Wound care is a collaborative effort between you and your patient. There are numerous wound management guidelines that favor both the clinician and the patient. The following are the top five guidelines to bear in mind:
- Wound cleansing – at one time, wounds were cleansed or irrigated with solutions that later proved to be toxic to healthy cells. Most experts now recommend using normal saline for wound cleansing and irrigation. Normal saline is often less painful for the patient and is cost efficient for health care agencies and institutions.
- Debridement – debridement of dead, devitalized and/or infected tissue is essential for wound healing. Debridement can kick start a wound that has stalled in the healing process, which means faster healing- a win-win situation for both you and your client.
- Moist wound healing – in wounds where the goal of care is healing rather than maintenance, moisture facilitates wound healing. This is one of the wound moisture guidelines that has undergone a huge shift in paradigm over the past few years. Wounds should be kept moist enough that they do not dry out but not so moist that maceration becomes a problem. Many dressings that facilitate moist wound healing can be changed less often, saving money on supplies and clinician time, and are also less painful for patients. Moist wound healing encourages faster rates of epithelialization, which means faster wound healing.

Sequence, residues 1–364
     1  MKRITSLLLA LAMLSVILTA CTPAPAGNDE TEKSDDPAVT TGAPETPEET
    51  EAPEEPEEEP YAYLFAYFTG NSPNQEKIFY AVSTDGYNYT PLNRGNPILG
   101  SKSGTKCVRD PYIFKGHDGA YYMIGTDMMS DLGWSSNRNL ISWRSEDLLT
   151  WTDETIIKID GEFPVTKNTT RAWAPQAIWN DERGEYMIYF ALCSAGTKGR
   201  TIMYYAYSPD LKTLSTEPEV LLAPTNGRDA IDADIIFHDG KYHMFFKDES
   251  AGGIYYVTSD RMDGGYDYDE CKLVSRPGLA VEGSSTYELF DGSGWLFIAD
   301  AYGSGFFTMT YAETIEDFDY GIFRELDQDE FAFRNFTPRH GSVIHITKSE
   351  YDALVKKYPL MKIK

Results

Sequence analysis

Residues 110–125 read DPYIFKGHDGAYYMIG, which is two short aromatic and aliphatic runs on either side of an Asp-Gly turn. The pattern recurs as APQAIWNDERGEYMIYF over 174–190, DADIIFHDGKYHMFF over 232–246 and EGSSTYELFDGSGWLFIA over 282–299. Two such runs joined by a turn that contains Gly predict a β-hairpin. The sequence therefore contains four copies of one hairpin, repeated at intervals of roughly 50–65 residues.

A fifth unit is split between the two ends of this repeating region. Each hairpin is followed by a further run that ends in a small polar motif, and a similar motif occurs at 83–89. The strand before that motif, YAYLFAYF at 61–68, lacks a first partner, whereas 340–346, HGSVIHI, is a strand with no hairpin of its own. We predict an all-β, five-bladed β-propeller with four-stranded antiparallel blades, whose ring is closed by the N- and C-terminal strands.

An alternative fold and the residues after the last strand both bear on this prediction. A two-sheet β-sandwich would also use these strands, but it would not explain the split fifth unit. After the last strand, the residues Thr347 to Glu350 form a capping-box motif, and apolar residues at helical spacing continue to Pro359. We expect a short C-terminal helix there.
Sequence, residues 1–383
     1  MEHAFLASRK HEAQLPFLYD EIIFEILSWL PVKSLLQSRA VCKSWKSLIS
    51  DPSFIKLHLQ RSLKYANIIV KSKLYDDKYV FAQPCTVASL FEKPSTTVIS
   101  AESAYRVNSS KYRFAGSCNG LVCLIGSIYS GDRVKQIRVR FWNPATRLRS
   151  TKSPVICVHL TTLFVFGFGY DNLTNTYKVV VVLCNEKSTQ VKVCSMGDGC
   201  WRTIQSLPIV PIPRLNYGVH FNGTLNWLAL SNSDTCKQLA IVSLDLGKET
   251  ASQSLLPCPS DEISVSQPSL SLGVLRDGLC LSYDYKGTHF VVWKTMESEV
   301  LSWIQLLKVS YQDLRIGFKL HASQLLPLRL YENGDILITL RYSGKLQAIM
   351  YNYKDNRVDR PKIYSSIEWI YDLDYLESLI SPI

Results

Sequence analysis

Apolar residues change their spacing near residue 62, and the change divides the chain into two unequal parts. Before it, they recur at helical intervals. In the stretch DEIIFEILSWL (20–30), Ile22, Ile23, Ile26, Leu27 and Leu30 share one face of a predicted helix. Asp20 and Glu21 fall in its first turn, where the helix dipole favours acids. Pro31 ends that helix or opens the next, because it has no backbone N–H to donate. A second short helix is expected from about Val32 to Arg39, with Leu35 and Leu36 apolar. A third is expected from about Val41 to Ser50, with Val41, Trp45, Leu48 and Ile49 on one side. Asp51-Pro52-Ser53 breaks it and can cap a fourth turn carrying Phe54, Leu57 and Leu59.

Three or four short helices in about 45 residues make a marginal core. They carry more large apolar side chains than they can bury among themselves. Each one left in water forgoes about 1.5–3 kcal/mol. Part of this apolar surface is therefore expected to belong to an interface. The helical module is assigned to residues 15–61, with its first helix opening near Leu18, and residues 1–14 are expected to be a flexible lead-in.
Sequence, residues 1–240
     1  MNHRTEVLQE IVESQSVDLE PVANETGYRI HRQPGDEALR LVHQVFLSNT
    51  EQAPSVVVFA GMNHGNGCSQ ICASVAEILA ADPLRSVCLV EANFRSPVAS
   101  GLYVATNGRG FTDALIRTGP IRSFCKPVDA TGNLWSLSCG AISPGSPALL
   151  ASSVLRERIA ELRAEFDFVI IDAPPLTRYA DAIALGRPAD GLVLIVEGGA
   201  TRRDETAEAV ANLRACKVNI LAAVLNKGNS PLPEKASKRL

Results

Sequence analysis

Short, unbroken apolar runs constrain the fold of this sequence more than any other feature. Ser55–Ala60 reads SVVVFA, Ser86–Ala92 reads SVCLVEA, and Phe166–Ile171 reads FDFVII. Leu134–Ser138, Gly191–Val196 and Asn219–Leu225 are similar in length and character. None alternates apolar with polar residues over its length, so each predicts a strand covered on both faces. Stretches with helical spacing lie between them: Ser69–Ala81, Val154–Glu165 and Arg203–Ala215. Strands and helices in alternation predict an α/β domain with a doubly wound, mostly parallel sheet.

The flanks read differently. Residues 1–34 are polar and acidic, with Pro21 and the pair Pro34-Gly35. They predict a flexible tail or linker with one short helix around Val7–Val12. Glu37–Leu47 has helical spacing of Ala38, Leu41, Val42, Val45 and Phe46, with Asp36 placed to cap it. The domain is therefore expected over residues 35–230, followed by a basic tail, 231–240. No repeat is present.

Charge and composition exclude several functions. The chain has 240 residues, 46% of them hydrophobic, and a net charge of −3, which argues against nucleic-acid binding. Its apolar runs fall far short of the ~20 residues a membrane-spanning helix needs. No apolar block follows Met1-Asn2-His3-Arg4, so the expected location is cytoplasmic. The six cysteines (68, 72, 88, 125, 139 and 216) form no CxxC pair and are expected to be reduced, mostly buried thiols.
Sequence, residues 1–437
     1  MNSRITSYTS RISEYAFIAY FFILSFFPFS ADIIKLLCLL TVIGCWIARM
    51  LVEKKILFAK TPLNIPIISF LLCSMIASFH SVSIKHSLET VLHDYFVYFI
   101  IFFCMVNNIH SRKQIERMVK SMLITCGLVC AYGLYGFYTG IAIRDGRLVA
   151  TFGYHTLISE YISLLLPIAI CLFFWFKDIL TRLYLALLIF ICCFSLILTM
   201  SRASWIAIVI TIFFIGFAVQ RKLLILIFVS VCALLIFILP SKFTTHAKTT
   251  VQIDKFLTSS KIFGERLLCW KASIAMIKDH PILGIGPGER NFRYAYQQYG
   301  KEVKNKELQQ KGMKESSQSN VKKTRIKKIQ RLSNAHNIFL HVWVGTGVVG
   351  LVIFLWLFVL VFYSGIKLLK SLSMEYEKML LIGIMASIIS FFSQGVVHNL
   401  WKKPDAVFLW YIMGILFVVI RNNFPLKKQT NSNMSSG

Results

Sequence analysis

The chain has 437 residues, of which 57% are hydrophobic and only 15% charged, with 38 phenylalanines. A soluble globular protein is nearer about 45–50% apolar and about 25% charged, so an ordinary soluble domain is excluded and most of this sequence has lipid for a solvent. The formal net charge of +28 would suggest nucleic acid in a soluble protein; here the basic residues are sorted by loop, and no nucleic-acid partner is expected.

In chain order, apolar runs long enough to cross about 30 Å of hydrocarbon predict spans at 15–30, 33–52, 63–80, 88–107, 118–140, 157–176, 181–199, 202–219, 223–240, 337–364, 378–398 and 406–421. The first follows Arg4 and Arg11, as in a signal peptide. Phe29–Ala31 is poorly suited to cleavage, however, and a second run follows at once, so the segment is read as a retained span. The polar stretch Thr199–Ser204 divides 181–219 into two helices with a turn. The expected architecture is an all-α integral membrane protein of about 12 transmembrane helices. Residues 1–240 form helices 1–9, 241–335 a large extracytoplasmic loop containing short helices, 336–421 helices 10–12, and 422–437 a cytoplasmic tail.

- Wound insulation – it is now known that is preferable to keep the temperature of the wound bed stable (normothermic). Changing dressings too often causes loss of heat from the wound bed, and it can take several hours to return to the temperature needed for healing. Keeping the wound covered with an appropriate dressing that can stay in place longer promotes faster wound healing.
- Control of infection – Managing a wound’s bioburden is one of the most important wound management guidelines to remember. Infection delays wound healing and increases wound pain. The astute clinician is able to differentiate between contamination, colonization and infection and can quickly recognize when a wound is infected, requiring an antibiotic to decrease bioburden and get the wound back on track for healing.
These wound management guidelines decrease pain and infection while increasing healing time and comfort. If you follow these guidelines, you and your patient will both benefit.
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